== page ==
Catherine Cortez Masto

Confirmation Hearing of Dr. Ben Carson - Jan. 12, 2017

Catherine Cortez Masto
January 12, 2017— Washington, D.C.
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CORTEZ MASTO: Thank you Mr. Chair and ranking members of the committee. I look forward to working with all of you. Thank you very much.

Dr. Carson, welcome and congratulations on your nomination. And welcome to your wonderful family sitting here with you.

There’s been a lot of questions, so with your indulgence, I’m just going to get right to them because it’s getting to be a long day for you. My colleagues have asked a number of questions, and I would like to just reaffirm some of them. In your role as the leader of HUD would you promise to protect the LGBTQ community from discrimination?

CARSON: Absolutely.

CORTEZ MASTO: As we know there has been a long and well documented history of patterns and policies of segregation of minorities in our neighborhoods, would you continue to aggressively enforce the FHA which is dedicated to ensuring that access to our country’s housing is free of discrimination including expeditiously and thoroughly investigating race and national origin complaints—ensuring fair mortgage homeowners and carrying out strategies in end homelessness?

CARSON: I think the fair housing amendment in 1968 was one of the best pieces of legislation we’ve had. It was modified in 1988. LBJ said that, “no one could possibly question this.” I agree him.

CORTEZ MASTO: Good. So you would continue to enforce it aggressively?

CARSON: Absolutely.

CORTEZ MASTO: Including the new HUD rule that requires local communities to access their own patterns of racial income segregation and make genuine plans to address them?

CARSON: I will be working with the local HUD officials and the communities to make sure that fairness is carried out.

CORTEZ MASTO: Ok. I appreciate you taking the time to come to my office and sit with me. In that meeting you made a number of statements, like you have this morning, on your vision of HUD and whether or not the department would or would not intervene in individual’s lives.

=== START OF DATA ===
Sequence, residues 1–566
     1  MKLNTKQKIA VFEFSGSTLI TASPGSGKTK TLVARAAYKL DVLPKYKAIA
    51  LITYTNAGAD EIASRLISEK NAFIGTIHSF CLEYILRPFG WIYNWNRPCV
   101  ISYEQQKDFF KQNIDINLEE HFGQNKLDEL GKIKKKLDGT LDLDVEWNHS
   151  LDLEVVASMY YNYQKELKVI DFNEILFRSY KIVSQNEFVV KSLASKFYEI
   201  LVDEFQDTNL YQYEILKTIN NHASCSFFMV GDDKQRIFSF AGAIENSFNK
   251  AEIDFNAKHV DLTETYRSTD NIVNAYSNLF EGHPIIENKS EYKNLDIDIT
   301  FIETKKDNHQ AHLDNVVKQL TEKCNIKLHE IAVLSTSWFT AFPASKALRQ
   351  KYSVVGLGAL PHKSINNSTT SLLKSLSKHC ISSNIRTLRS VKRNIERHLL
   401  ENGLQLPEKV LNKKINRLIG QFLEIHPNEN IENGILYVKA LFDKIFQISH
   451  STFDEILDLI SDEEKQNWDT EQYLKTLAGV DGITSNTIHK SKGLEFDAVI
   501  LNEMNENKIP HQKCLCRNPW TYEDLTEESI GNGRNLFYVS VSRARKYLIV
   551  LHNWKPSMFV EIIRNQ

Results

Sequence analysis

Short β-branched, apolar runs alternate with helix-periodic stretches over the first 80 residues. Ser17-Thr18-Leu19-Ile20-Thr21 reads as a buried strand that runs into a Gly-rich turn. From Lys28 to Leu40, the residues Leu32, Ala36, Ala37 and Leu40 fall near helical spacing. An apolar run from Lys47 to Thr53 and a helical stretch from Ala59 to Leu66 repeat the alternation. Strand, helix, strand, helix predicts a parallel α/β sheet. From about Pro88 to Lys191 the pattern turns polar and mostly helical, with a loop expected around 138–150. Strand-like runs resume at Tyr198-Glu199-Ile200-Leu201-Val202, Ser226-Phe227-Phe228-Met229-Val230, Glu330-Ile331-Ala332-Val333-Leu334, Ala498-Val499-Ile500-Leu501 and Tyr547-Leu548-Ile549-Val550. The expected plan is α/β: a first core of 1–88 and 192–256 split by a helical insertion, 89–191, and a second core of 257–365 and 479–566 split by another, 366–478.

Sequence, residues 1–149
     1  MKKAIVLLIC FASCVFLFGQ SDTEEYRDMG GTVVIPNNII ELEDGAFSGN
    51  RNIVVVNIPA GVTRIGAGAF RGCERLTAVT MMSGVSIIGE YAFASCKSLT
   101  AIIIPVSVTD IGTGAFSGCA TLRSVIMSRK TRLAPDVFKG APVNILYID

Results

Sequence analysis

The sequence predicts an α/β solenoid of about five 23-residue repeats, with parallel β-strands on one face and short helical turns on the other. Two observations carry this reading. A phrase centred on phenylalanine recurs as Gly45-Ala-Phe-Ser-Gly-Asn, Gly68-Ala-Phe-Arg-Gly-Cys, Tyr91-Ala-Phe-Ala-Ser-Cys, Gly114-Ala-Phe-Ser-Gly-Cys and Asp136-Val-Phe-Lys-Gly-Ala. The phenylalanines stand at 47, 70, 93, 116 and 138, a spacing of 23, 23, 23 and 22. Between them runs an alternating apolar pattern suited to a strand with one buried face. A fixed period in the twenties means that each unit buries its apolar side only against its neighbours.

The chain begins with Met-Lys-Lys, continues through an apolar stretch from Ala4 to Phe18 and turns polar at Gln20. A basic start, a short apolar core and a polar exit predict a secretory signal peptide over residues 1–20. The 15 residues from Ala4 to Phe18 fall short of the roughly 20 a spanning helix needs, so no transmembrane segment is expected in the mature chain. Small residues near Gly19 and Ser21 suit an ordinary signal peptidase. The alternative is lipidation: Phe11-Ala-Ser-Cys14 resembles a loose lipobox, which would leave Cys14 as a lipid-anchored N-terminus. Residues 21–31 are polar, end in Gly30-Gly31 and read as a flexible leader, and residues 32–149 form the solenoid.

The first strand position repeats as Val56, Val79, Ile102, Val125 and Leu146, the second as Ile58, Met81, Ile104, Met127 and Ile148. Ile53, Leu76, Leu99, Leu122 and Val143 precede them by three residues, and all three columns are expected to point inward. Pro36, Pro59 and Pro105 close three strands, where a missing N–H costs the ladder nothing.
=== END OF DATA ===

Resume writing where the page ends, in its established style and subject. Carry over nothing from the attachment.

Specifically, you said that we don’t want year after year people vegetating in public housing. And these comments were a little concerning to me for this reason: in Nevada, the fair market rent for a two bedrooms apartment is around $900 per month. In order to afford this level of rent and utilities a household has to earn $38,000 annually. Nevada, a minimum wage worker earns an hourly wage of $7.25 or $8.25 if their insurance isn’t being paid for—which is about $15,000 annually. In order to just cover that two bedroom apartment, that individual making minimum wage would have to work 88 hours per week. Which, as you can see, doesn’t leave much time for not only a funding for education, or much other opportunities to further themselves other than just putting a roof over their head, for them and their families. That doesn’t sound to me like someone who is vegetating in public housing.

You also mentioned to one of my colleagues that you believe that additional housing funding rental assistance is essential, but when we talked you said there were limits. Do you believe that low income Americans should have a limit to public assistance? Can you further define that for me?

CARSON: What I am saying is that we have to be cognizant of our fiscal responsibilities as well as our social responsibilities. Would we love to put every single person in a beautiful unit forever? Absolutely. That would be ideal. But we don’t necessarily have the necessary funding. But the other thing that I emphasized is that safety net programs are important. I would never advocate abolishing them without having an alternative route for people to follow.

CORTEZ MASTO: So how would you help somebody to find that alternative if all they’re doing is coming home and working, and that is all they can afford? How would you help them other than giving them a time limit in public housing and then they have to leave?

CARSON: Well there is a much bigger picture issue here and that is fixing our economy, and working very hard in the right kind of atmosphere. When that happens, people have a lot more options in terms of their jobs, and people have to raise their salaries.

CORTEZ MASTO: Ok. Nevada was the hardest hit. We were ground zero for the foreclosure crisis. As the Attorney General for the state, one of my biggest partners was your agency. Aggressively we worked together to bring relief to homeowners there, including what you talked about—financial relief but also financial literacy and education. Through that I created the Home Again program and it is still in existence in the state of Nevada to provide financial literacy and help to homeowners--for the first time homebuyers, for individuals who want to get back into their homes. Is that a program you can see that you can continue to support and would look to help support in the state of Nevada?

CARSON: I will certainly study that program carefully, work with you to make sure that the goals of that program are carried forward.

CORTEZ MASTO: Thank you. I appreciate your answers to the questions today. Thank you very much.

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